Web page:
LIGHTFIELD Review

Video game genres tend to follow frameworks which have been established for years, if not decades. And very rarely, does it happen that a title — either big or small — manages to add something fresh, something new, to the tried and tested formulas. The racing genre in particular, has been at a standstill for a very long time, and while titles such as Split/Second: Velocity tried to improve upon the archaic nature of the said genre, they have done very little, in comparison to the recently released LIGHTFIELD. Which in hindsight, has quite literary reinvented the wheel.

Vast majority of racing games, uses a single plain as its ground work for its mechanic. Whether it is a tarmac track, a dirt road, a body of water, or a futuristic superhighway, it is always a flat surface on which one controls his or her vehicle. However, LIGHTFIELD, unlike all the other racing titles doesn’t stick to a single plain, as its entire world, is a one big racing track, and one can refer to any means necessary in order to reach the finish line.

Vehicles in LIGHTFIELD are a hybrid between VTOL helicopters, and light-cycles. And in game, they can travel in-air, and on any surface. And that’s because the vehicle in question can be controlled in any direction with either left or right analogue stick, but in order to achieve the optimal speed, it has to be attached to a surface, and to do so, one has to keep the L1 button held down – as without it, the player vehicle will quite literary fly away, at a rather slow speed.

LIGHTFIELD tracks are as unconventional as its vehicles, as each and every part of them can be used as a surface. And while in-game, it is not uncommon to see the AI bots driving on walls, ceilings, or pipes, as any of those can be used as a mean to an end. And the title itself rewards exploration, as all tracks feature multiple routes, which allow one to create an optimal route, either to achieve the best possible time, or one which allows one to collect all the secrets.

The unwieldy nature of LIGHTFIELD tracks allows the title to achieve a level of replay-ability, that very few other racing games can be proud of. As the labyrinthian design of the tracks, as mentioned before, invites all to play them over and over again, in order to uncover all routes and secrets. And one can spend hours perfecting each and every level, finding ever new ways to get an edge over the AI vehicles. However, as wonderful and odd the addition of exploration is to a racing game, it does very little to teach the player how to improve his/her skills. As by constantly pushing the exploration of each and every level, the title completely abandons development of player-centric skills and abilities.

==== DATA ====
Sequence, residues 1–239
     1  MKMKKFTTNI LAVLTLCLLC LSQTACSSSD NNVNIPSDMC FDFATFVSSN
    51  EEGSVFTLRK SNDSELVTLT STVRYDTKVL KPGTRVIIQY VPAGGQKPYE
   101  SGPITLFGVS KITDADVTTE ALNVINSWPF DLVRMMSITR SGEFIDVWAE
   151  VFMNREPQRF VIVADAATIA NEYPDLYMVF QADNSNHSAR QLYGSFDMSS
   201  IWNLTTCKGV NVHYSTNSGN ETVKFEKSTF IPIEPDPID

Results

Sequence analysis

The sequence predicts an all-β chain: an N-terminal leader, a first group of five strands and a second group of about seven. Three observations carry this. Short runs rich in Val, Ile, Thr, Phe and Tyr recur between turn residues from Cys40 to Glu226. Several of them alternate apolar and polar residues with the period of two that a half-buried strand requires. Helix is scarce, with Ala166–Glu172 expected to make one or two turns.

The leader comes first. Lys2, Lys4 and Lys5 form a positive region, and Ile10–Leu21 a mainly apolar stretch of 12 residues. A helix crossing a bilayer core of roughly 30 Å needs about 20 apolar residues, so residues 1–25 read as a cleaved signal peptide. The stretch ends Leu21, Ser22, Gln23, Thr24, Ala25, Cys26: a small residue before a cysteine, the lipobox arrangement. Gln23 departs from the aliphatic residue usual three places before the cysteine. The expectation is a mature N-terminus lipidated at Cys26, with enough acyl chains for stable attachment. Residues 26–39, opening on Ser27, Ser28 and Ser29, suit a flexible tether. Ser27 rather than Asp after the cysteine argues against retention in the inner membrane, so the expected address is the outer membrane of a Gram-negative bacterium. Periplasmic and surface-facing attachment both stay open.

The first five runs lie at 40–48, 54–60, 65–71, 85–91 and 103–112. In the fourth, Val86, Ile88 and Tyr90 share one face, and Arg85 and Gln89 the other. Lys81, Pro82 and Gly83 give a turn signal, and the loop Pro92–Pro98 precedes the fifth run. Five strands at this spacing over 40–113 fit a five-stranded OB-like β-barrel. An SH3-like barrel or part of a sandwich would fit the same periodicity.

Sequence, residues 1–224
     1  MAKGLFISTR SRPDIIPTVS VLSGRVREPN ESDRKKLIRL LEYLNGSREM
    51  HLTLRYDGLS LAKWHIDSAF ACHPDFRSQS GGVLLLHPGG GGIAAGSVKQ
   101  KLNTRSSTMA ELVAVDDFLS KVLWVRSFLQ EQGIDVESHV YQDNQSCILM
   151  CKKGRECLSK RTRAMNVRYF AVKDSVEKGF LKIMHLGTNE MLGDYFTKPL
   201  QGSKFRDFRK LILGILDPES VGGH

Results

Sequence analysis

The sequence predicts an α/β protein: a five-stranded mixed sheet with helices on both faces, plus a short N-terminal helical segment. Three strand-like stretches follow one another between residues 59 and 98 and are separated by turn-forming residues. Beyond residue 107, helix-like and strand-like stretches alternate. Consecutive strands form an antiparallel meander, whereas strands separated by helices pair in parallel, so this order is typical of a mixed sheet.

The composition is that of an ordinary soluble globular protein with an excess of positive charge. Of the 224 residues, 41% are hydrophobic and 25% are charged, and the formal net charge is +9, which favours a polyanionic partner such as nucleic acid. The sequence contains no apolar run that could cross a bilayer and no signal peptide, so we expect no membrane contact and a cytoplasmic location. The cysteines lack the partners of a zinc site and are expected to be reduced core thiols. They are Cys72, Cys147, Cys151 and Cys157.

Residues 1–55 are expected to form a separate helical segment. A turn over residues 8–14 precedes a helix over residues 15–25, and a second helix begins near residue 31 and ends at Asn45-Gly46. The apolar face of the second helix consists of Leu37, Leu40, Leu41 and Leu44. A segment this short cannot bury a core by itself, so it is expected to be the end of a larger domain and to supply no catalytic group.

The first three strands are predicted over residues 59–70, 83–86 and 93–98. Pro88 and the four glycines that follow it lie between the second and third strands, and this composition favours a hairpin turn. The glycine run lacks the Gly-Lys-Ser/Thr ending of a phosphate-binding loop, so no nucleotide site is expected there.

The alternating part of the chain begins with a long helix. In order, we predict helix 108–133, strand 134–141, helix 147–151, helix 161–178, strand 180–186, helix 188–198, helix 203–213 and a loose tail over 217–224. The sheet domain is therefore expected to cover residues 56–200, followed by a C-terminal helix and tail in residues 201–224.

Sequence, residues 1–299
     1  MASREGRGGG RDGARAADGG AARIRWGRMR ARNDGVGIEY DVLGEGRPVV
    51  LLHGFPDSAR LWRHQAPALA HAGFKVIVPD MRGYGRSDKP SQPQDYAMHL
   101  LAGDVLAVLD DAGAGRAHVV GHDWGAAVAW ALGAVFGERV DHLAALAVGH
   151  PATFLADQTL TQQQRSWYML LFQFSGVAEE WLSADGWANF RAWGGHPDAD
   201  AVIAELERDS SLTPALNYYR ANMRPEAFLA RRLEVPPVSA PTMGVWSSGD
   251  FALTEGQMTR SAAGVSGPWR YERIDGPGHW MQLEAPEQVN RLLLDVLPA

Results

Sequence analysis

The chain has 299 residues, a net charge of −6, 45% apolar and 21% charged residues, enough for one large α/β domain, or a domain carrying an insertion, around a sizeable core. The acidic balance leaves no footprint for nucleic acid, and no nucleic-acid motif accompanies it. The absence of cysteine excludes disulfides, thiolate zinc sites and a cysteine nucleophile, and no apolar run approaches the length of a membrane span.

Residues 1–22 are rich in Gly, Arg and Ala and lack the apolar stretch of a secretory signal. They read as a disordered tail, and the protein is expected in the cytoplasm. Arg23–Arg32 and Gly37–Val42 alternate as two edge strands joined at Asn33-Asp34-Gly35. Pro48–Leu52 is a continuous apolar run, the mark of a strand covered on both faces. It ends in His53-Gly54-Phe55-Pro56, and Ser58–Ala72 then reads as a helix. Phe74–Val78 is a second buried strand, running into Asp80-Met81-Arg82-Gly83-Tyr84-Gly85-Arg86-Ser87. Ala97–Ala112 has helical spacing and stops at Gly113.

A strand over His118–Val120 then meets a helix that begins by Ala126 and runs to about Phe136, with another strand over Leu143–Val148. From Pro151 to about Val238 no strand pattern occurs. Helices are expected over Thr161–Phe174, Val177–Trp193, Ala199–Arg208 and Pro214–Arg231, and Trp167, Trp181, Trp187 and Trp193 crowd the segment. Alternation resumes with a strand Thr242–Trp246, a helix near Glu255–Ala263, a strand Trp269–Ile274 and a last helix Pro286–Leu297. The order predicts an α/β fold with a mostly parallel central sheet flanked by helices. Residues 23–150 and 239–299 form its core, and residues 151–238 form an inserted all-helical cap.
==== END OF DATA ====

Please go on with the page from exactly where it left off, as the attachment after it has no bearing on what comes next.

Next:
When one begins a journey with a title such as Gran Turismo 5, and any of the WipeOut games, he/she will be constantly learning, and mastering the in-game mechanics. And by the time one reaches the end, he/she will be able to complete the majority of the in-game challenges to the highest of standards. However, the same cannot be said about LIGHTFIELD, as by focusing on the title and title alone, the developer behind the game has neglected the player.

Whether one has spent an hour or even ten with LIGHTFIELD, he/she will still feel like there’s something missing in his/her repertoire of skills and abilities. As no matter how much time one pumps into the title, he/she will never quite be able to master it. One can spend hours learning a single track, to a point where one can achieve 90% surface attachment rate – but even then, that’s not enough to challenge the high-end AI. And this issue doesn’t stem from the fact that the title is overly hard, or complex, but simply from the fact that LIGHTFIELD does a very poor job of explaining the intricacies of the in-game mechanics to the player.

Yes – LIGHTFIELD, just like any other title begins with a tutorial. But it is simply too brief, and too sudden in order to present the game’s mechanics in any depth. It can be completed in seconds, and once all is said and done, the title simply leaves the player stranded in a vast and empty ocean, which most will never be able to leave. And inability to completely master LIGHTFIELD may frustrate most players, but while many will be incredibly disappointed with their inability to challenge the end-game tasks, they will still walk away from LIGHTFIELD satisfied, as ultimately, the sheer wonder of the title is enough in order to keep one within its grasp for dozens of hours.

LIGHTFIELD is an ingenious and wonderful game, which despite of its indie stature manages to challenge its AAA, and AA competitors such as the WipeOut Collection head-on. And while the word ‘experience’ has lost all its meaning within the confines of modern video game journalism, it has to be underlined that LIGHTFIELD, unlike you Dear Esthers and Gone Homes, is a unique experience which simply cannot be found anywhere else. And despite of its steep learning curve and all the shortcomings related to it, it has to be said that it is the most impressive racing title of this year, so far. And it will only improve with time, as the developer behind LIGHTFIELD, Lost in the Garden, has promised to support the title with additional content, such as competitive multiplayer, which is said to be added soon.

REVIEW CODE: A complimentary Sony Playstation 4 code was provided to Bonus Stage for this review. Please send all review code enquiries to editor@bonusstage.co.uk.

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